What do Data Controllers and Data Processors have to document?

Posted on: 31st January 2018

Document

 

Now that we’ve covered the difference between a Data Controller and a Data Processor we look at what responsibilities both controllers and processors have when it comes to documenting certain information.

This information below is collected from the official ICO website, you can read more about the official guidelines here.

Your document can simply be put together using Microsoft Word, in a similar fashion to a Privacy Policy, for example. So long as this document is either saved in your documents on your PC or printed off and filed away in a folder.

document
An example of the style you can document your information

What do Data Controllers have to include in the Document?

  • Your organisation’s name and contact details.
  • If applicable, the name and contact details of your data protection officer. A data protection officer is a person designated to assist with GDPR compliance under Article 37 and having a DPO is a requirement in some circumstances.
  • If applicable, the name and contact details of any joint controllers. Joint controllers are any other organisations that decide jointly with you why and how personal data is processed.
  • If applicable, the name and contact details of your representative. A representative means another organisation that represents you if you are based outside the EU, but you monitor or offer services to people in the EU.
  • The purposes of the processing, explaining why you use personal data, e.g. customer management, marketing, recruitment.
  • The categories of individuals – the different types of people whose personal data is processed, e.g. employees, customers, members.
  • The categories of personal data you process – the different types of information you process about people, e.g. contact details, financial information, health data.
  • The categories of recipients of personal data. Recipients relate to anyone you share personal data with, e.g. suppliers, credit reference agencies, government departments.
  • If applicable, the name of any third countries or international organisations that you transfer personal data to – this refers to any country or organisation outside the EU.
  • If applicable, the safeguards in place for exceptional transfers of personal data to third countries or international organisations. An exceptional transfer is a non-repetitive transfer of a small number of people’s personal data, which is based on a compelling business need, as referred to in the second paragraph of Article 49(1) of the GDPR.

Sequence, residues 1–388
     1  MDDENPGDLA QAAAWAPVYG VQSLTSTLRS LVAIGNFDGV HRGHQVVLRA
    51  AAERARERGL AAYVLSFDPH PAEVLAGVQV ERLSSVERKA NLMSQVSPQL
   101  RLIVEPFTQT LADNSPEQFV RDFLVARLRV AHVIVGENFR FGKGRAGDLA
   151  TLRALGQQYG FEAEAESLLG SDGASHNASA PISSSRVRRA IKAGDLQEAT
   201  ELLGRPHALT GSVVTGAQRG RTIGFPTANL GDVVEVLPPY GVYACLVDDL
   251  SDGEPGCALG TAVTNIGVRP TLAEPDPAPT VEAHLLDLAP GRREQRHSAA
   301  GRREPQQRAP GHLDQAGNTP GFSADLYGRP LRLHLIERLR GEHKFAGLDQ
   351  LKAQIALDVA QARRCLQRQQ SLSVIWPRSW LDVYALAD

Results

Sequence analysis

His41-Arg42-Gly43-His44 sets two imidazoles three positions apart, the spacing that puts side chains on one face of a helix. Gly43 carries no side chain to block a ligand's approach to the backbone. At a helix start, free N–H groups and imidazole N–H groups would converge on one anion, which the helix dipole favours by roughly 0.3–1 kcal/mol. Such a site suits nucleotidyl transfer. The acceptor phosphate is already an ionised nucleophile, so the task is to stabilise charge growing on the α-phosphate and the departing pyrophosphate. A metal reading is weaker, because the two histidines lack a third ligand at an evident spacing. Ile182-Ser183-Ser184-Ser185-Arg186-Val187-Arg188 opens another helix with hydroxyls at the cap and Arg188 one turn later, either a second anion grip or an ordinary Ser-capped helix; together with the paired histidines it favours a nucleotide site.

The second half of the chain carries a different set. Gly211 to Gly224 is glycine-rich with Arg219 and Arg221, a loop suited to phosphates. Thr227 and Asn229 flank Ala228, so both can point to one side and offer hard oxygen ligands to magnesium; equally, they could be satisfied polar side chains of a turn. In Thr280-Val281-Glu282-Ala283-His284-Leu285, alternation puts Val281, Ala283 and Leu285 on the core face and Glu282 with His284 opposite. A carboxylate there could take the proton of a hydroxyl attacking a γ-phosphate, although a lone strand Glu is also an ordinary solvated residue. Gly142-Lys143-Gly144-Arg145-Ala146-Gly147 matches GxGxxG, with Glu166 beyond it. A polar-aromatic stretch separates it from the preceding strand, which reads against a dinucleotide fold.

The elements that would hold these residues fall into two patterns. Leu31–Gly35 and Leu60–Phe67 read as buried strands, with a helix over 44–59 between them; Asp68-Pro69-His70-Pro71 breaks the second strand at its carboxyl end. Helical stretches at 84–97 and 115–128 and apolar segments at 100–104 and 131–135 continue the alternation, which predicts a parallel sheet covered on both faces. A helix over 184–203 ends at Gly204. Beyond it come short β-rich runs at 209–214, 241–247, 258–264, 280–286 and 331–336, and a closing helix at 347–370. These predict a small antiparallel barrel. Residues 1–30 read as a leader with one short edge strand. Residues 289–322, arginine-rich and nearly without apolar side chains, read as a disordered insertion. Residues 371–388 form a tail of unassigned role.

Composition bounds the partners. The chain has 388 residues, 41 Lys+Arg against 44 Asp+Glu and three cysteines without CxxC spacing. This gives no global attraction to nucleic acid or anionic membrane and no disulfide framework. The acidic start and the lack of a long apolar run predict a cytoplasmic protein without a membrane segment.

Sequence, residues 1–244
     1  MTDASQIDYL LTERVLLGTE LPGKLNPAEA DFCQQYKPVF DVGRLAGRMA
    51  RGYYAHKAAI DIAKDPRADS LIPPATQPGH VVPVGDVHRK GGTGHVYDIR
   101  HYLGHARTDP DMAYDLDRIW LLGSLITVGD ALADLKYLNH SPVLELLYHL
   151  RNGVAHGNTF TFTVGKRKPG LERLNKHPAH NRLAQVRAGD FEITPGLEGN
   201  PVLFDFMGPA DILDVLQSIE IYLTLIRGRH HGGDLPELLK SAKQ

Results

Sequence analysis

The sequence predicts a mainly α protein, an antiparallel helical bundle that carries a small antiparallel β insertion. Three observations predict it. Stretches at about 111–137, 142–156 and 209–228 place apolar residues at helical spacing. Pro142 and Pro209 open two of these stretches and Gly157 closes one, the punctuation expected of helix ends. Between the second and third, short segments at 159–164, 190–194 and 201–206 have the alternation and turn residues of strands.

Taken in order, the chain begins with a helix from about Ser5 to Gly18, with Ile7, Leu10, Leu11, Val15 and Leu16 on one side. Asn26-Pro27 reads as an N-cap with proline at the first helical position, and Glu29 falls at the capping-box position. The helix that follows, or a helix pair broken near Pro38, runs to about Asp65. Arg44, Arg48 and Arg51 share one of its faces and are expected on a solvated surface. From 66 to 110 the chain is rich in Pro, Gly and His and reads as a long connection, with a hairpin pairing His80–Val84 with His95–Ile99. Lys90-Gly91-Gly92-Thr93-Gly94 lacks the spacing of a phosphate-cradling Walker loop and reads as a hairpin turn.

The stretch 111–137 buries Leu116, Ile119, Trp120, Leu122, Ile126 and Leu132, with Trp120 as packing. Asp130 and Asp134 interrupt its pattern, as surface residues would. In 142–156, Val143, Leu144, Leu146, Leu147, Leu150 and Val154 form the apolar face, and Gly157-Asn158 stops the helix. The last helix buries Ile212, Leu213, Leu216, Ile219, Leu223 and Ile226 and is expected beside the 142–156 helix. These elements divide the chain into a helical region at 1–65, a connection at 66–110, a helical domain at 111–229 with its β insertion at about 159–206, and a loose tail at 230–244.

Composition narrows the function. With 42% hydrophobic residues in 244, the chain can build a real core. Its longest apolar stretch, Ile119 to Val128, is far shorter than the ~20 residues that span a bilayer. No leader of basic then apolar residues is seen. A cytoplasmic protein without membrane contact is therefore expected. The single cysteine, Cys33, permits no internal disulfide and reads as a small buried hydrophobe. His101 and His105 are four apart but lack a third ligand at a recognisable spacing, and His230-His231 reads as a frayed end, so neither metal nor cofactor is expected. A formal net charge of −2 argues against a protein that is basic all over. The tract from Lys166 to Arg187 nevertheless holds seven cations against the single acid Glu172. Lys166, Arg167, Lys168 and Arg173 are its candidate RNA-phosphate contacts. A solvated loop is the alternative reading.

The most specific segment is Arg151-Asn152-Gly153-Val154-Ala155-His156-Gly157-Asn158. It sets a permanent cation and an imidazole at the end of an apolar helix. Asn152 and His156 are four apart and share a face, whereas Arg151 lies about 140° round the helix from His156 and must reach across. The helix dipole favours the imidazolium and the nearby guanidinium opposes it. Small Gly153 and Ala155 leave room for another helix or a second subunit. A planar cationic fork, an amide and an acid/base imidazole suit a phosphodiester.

• If possible, the retention schedules for the different categories of personal data – retention schedules refer to how long you will keep the data for. This may be set by internal policies or based on industry guidelines, for instance.
  • If possible, a general description of your technical and organisational security measures – your safeguards for protecting personal data, e.g. encryption, access controls, training.

 

What do Data Processors have to include in the Document?

This list is similar to the Data Controller requirements, with a few differences. If you are a processor for the personal data you process, you need to document the following:

  • Your organisation’s name and contact details.
  • If applicable, the name and contact details of your data protection officer – a person designated to assist with GDPR compliance under Article 37.
  • The name and contact details of each controller on whose behalf you are acting – the organisation that decides why and how the personal data is processed.
  • If applicable, the name and contact details of your representative – another organisation that represents you if you are based outside the EU but you monitor or offer services to people in the EU.
  • If applicable, the name and contact details of each controller’s representative – another organisation that represents the controller if they are based outside the EU, but monitor or offer services to people in the EU.
  • The categories of processing you carry out on behalf of each controller – the types of things you do with the personal data, e.g. marketing, payroll processing, IT services.
  • If applicable, the name of any third countries or international organisations that you transfer personal data to – any country or organisation outside the EU.
  • If applicable, the safeguards in place for exceptional transfers of personal data to third countries or international organisations. An exceptional transfer is a non-repetitive transfer of a small number of people’s personal data, which is based on a compelling business need, as referred to in the second paragraph of Article 49(1) of the GDPR.
  • If possible, a general description of your technical and organisational security measures such as your safeguards for protecting personal data, e.g. encryption, access controls, training.

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